Can’t See the Forest


With the Twins season an official bust, we can look forward to an offseason of trades and transactions as the front office tries to shore up all the problems. They’ll be working hard to improve the strength and conditioning routines, find some new middle infielders, and assess which September callups deserve a shot next year. But it’s high time for the Twins to take more drastic action. They need to address the problem that’s on everyone’s minds:

The Target Field Trees.

As many of you probably know, 14 black spruce trees used to adorn Target Field just beyond the center field wall. They gave the park more of an earthy, wild look, and they were generally liked by fans, especially those who feel the beauty of a ballpark is as important as the action on-field. But the trees didn’t win any fans among Twins hitters, who complained incessantly that the trees interfered with their sight lines, preventing them from seeing the ball well. As a result, the team removed the trees during the offseason.

Problem solved. Twins’ hitters spent 2011 smacking line drives and pounding towering home runs.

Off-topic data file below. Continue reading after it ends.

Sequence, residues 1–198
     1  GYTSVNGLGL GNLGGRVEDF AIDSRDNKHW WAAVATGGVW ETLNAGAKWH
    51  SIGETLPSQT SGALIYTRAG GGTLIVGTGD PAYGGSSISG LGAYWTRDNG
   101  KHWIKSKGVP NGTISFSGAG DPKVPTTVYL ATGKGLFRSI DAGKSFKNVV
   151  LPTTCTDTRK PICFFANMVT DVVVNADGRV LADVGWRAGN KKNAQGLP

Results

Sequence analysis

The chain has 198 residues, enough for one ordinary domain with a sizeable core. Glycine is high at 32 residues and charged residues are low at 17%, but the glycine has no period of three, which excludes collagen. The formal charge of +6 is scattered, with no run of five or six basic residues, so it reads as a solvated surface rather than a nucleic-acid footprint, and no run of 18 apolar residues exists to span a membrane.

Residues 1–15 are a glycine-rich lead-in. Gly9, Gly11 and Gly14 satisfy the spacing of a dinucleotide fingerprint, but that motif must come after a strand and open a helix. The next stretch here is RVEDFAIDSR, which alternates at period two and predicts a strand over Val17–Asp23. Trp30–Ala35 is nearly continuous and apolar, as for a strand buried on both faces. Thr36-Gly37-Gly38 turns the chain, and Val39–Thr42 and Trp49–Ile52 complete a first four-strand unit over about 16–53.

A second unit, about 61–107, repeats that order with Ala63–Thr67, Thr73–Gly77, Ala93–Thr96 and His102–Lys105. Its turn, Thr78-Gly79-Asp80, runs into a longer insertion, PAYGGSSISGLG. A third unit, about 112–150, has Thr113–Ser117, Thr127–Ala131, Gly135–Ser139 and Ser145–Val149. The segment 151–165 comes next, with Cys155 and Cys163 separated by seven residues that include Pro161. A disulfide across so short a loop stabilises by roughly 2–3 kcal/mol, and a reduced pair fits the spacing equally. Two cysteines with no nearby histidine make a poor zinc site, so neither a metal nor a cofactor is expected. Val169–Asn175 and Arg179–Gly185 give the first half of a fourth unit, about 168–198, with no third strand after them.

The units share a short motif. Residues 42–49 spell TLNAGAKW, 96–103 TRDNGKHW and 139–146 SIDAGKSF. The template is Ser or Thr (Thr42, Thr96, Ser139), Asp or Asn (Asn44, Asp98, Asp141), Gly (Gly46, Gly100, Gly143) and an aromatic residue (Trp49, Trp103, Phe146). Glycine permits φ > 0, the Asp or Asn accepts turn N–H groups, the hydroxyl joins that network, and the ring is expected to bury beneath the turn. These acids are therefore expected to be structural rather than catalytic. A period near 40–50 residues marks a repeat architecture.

Except, it didn’t quite work out that way. In 2010, the Twins hit .282/.354/.422 at home. They struck out 425 times in 81 games. The .282 average was tied with Detroit for second best in the AL, and the OBP was second in the AL behind the Yankees. This year, Twins’ hitters are a pitiful .248/.308/.355. With nine more home games to go, they’ve already struck out 466 times. Now, obviously a lot of that dropoff comes from the fact that the Twins have battled injuries and stacked their lineup with such sluggers as Rene Tosoni and Drew Butera on a regular basis in 2011. But given that the Twins had one of the best hitting lines of any team at home, one suspects that their hitters saw the ball just fine in 2010.

Not only that, but removing the trees has destroyed Target Field’s wildlife habitat. Since the trees came out, there has been a 100% decrease in the population of falcons and squirrels at the park.

As of press time, there are no reports on whether the trees have impaired hitter visibility at the State Parks where they were relocated.

Let me officially go on record stating that the Twins need to bring back the trees. No, I do not believe that replanting the trees would instantly make the Twins hit better. Instead, I want to see them replanted because I do not want to spend the next 20 years hearing about another sports “curse.” There have already been mutterings about this, and if the Twins have any more losing seasons, the mutterings will grow into a full-fledged legend – just like the Curse of the Bambino or the Curse of the Billy Goat, only a lot less interesting. If the Twins absolutely need to have a curse story, somebody should come up with one to explain why they haven’t had a 40 HR hitter since 1970… but that’s a different story.

Curse or not, it probably would not be such a bad thing to have hitters be a little distracted at Target Field. Twins pitchers could certainly have benefitted from that this year.